If you love driving your golf cart no matter the weather, then having a golf cart heater makes those frosty days a little more comfortable. It’s an easy-to-install accessory and models are available for every budget and preference.
Let’s review the basics of golf cart heaters and break down the pros and cons of four top models.
Propane Heater for Golf Cart
- Operates up to 8 hours on a 16.4 oz. disposable propane cylinder
- Supplies 3,500 BTU's of heat
- Whisper quiet operation for golf or marine enviroments
- Matchless electronic ignition
- Durable heat reflector
This 3,500 BTU propane-powered model looks less refined than the competition, but has the best features without paying for bells and whistles.
• Matchless electronic starting system
• Heat reflectors to increase output
• A stand for using it outside the cart
Noticeable issues include a lack of wind screen and a cup holder that may not be as universal as described, but users report getting an impressive eight hours out of each canister of fuel.
- 4,000 BTU's (5.5 Hours runtime)
- Includes oxygen depletion system and tip over switch
- Wind resistant protective screen
- Ergonomic carrying handle
- 1 Pound Propane Tank is NOT Included
This 4,000 BTU portable propane heater comes is a budget-friendly option that is sold alone or as apart of bundle that includes an adapter allowing you to refill the 1 lb. propane tanks it uses from an economical 20 lb. cylinder. This is one of the most popular golf cart cup holder heater styles on the market.
It fits in most standard cup holders and also includes:
• An sturdy handle for portability
• Porcelain-coated reflectors that focus heat output
• Heavy-duty safety guard to prevent direct contact with skin
• Flame-free integrated sparking mechanism
• Wind screen to keep the heat in the passenger cabin in breezy conditions
Features worth a special mention include a safety switch that turns the heater off if it’s accidentally knocked over and an oxygen depletion sensor that turns it off if cabin oxygen is low. Mr. Heater only certifies this model for outdoor use.
Complaints about this heater are rare, but include not it fitting into cup holders and fuel use that’s higher than other brands, however, at 4000 BTU, it’s a strong unit.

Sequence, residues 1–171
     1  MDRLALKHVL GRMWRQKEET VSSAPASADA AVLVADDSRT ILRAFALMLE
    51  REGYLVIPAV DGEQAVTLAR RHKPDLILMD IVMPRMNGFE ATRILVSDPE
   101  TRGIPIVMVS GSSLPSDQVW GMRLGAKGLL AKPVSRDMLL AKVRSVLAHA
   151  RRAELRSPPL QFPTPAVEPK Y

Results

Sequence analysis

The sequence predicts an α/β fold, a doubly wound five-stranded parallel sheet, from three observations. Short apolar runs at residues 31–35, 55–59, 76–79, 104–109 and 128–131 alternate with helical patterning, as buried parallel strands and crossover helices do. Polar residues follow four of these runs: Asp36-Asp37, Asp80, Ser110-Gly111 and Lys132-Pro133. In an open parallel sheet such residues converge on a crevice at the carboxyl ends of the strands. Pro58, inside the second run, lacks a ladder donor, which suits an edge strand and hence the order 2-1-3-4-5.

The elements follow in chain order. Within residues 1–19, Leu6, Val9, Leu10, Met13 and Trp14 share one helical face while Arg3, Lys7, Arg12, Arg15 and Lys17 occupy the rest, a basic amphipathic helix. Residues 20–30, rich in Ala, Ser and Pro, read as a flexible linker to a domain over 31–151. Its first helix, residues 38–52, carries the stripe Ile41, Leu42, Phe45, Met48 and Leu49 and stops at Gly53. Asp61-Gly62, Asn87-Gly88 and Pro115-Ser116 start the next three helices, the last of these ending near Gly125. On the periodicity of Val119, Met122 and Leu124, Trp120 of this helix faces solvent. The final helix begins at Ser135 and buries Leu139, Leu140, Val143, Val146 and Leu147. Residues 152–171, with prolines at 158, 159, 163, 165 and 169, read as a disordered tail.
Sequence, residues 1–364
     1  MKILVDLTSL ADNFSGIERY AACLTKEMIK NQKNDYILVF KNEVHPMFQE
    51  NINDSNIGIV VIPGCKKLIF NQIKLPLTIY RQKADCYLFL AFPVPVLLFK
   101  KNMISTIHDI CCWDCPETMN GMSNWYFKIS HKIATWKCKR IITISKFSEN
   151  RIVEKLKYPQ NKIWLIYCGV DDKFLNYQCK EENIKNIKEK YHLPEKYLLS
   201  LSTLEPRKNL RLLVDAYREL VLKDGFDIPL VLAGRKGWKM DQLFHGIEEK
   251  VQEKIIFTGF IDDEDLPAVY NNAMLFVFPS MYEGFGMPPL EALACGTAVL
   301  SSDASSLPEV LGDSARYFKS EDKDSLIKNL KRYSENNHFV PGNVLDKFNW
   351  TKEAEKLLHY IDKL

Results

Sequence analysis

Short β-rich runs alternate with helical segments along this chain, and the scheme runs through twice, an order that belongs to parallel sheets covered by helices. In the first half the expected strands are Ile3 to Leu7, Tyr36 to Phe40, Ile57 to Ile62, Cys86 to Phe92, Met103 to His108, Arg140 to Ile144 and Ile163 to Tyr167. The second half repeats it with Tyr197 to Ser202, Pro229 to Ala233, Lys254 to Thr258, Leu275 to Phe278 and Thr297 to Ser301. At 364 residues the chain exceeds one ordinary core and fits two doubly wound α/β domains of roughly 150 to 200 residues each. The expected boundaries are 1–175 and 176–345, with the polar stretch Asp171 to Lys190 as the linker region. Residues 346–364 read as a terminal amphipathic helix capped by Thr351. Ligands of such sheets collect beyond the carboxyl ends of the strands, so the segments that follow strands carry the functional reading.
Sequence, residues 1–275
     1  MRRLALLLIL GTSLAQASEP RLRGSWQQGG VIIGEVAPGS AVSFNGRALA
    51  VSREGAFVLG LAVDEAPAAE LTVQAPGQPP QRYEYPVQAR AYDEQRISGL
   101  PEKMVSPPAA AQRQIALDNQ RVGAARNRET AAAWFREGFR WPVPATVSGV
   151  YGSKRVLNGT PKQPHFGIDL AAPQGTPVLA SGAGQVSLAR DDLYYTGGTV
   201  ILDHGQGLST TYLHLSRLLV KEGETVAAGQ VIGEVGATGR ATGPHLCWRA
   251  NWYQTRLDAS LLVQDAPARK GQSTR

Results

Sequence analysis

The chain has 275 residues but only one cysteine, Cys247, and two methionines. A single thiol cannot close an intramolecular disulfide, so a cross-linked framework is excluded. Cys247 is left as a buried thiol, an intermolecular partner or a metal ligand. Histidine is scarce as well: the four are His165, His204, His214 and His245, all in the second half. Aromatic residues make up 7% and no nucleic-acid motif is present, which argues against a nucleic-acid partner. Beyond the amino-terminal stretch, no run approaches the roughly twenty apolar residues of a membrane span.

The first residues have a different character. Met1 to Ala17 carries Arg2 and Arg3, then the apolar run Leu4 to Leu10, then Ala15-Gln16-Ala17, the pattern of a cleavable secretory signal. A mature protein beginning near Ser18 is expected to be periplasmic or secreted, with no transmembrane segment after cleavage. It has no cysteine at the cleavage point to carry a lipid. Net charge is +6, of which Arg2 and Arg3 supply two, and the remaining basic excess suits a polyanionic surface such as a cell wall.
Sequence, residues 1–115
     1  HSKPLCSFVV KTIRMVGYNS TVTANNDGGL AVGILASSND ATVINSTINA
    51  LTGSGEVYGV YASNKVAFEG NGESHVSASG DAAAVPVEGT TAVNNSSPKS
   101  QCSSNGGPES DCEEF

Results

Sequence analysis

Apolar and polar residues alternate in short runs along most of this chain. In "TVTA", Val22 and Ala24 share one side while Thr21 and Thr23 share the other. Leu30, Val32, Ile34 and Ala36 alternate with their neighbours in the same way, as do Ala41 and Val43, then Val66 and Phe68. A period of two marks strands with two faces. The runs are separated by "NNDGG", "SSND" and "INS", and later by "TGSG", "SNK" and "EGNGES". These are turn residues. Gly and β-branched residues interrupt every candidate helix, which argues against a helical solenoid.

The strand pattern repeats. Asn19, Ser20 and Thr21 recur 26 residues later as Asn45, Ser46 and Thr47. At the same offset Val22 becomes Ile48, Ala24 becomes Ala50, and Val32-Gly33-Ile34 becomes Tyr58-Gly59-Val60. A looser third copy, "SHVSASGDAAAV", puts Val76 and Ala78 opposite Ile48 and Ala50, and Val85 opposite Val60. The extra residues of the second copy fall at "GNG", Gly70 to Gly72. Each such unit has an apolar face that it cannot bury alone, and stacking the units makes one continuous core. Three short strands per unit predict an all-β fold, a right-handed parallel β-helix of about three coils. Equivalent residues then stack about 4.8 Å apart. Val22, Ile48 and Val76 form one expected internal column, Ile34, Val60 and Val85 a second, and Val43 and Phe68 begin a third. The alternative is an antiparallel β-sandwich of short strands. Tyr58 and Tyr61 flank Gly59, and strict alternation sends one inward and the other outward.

Expect about five hours of use per fueling.
Chances are you already have one Coleman outdoor product in your home, but here’s another good choice. It’s small at 1500 BTU, but runs up to 14 hours on a single canister of propane.
• High heat output is suitable for cold climates
Golf Cart Electric Heater
- Patent Pending 48 Volt PTC heaters that produce 100 degree plus warm air and also has a fan to cool you off on warm days.
- Bi-Level vent system points air exactly where you need it and attachment arm points the unit at the perfect angle toward the driver.
- Install is easy. Simply slip the unit into the cup holder of the cart and connect to the battery with easy to use alligator clips.
- Made of durable high impact UV-resistant plastic with weatherproofing protection.
- Specifications: Voltage: 48 Volts; Current: 1. 3 to 13. 6 Amps @ 48 Volt DC; Power Consumption: 63 to 655 Watts; Fan Rating: 700 to 900 F/M; Weight: 1. 1 lbs
- fit type: Universal Fit
• Bi-level louvered vents for directing air where you need it
• Durable high-impact, UV-protected plastic construction
• Carrying case included
Golf Cart Heater Basics
Both come in a range of sizes and produce proportionally similar heat, but each has unique benefits.
Propane golf cart heaters are the least expensive and simplest to use. They’re compact, lightweight, require no permanent installation and are designed to fit in your cart’s cup holder. They can used be used with a cart cover as long as there’s ample ventilation and some come with stands that allow you to use them in other places.
That’s why if you add a golf cart enclosure to keep the heat in, make sure you have at least one flap open so you can ventilate while using the propane heater.
Electric golf cart heaters are usually permanently mounted to the dashboard or steering column and run on power from the cart’s battery. A few are generic, but some are proprietary and may not fit all brands and sizes of carts.
They won’t keep you any warmer than propane heaters, but they have a few advantages. The most obvious is that there’s no fuel to buy. You’ll pay more for an electric heater, but when the cost of propane is factored in, the lifetime cost of ownership is lower.
As opposed to propane heaters, more electric models are equipped with adjustable temperature controls. It may be as simple as high and low, but that makes it more flexible in climates where the temperature fluctuates.
Other than the installation, the primary drawback of electric heaters is that they use battery power. If your battery is strong, that’s not an issue, but if it’s toward the end of its lifespan, you’ll need to replace it soon or you might get stuck out somewhere.
How do I choose the right size heater?
Most makers provide broad a estimate of the temperature increase you can expect, but it varies on a number of conditions including the outdoor temperature, the temperature setting if more than one is available, and if you use the heater with or without a cover.
Covered carts with a mid-size heater can expect an increase of up to twenty degrees in average conditions, and that goes up as the temperature setting is dialed up.
The use of a cover is considered safe with both types of heaters as long as there is adequate ventilation. Since the cover is normally shifted to get in and out allowing fresh air into the cabin, it’s unlikely you’ll run into a problem, but ventilation also equals heat loss and on the coldest courses, a higher output model is recommended.
Here’s a run-down of five models to get you started.